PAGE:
An example of such aqueduct is the Fazael brook.  The waters from the springs were raised by the dam and channeled to an aqueduct. The aqueduct conveyed the waters to the Roman city of Fazael, about 6KM away, and was also used by the farmers for agriculture. This section, near the dam, is from a later period, but the original aqueduct was laid out by Herod.

 

 

 

   There were two aqueducts that supplied water to the fortress. A shorter north-west aqueduct brought water from the springs on the eastern hillside of Jabal Munttar, seen here in the far background. A longer channel diverted water from the Kidron stream, south-west of Horkonia. The aqueduct reached the hillside of the fortress and filled its hillside cisterns and the three large pools on the bottom of the valley. The aqueducts were constructed by the Hasmoneans, repaired by Herod the Great, and was in use during the Byzantine period.

 

 

 

   Another example is the elaborate water system that kept the Essenes settlement alive in the dry climate of the Judean desert. An aqueduct, several hundred meters long, supplied the water from a dam in the course of the Qumran brook, and filled up its cisterns through an elaborate series of canals that ran between the structures.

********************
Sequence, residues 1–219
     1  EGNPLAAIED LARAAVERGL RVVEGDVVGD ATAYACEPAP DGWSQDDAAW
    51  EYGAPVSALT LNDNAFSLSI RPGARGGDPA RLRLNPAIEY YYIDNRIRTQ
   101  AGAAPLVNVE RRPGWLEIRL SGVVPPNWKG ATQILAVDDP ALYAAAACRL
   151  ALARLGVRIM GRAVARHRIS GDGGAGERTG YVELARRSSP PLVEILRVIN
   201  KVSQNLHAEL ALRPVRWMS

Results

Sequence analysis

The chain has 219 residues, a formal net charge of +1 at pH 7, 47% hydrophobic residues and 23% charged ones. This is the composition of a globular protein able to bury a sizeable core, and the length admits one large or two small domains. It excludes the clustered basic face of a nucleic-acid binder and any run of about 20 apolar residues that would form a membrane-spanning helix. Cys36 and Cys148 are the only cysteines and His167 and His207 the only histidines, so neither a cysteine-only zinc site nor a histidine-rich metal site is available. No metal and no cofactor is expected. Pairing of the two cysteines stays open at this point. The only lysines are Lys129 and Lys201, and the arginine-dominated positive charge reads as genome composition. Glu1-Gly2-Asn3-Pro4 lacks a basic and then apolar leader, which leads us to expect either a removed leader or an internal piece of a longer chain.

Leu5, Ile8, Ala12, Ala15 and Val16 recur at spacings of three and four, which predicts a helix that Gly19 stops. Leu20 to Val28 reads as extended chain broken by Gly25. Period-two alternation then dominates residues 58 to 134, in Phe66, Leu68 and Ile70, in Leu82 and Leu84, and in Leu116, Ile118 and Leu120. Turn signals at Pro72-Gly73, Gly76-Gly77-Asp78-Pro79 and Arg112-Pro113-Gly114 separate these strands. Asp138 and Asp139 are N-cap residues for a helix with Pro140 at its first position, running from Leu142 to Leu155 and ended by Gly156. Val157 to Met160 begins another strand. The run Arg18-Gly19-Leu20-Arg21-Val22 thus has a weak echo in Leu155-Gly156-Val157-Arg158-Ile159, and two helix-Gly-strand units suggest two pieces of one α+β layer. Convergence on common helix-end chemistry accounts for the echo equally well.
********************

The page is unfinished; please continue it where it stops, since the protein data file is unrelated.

For more information on aqueducts - check our special info page.

 

(e) Water reservoirs in the streams

 

  The dry surface of the desert absorbs little of the rain fall. Most of the rain water rushes down the streams, occasionally causing dangerous flash floods. In order to utilize this vast amount of water, dams and reservoirs were constructed in the bottom of the streams.

    One such case is seen in the bottom of the valley on the west side of the fortress of Horkonia. The water reservoirs stored the water during the flash flooding, and in months after then the water was used for drinking and agriculture.

 

 

   A closer view of one of the pools of the reservoir. This one was probably constructed in 2C BC, as part of the water systems around the fortress.

 

 

(f) Water Reservoirs in Monasteries

 

  An impressive water reservoir can be seen in the Euthymius monastery. This gigantic cistern, one of four constructed near the monastery, contained over 3000 m3 , which collected rain water from the hills and rooftops of the monastery.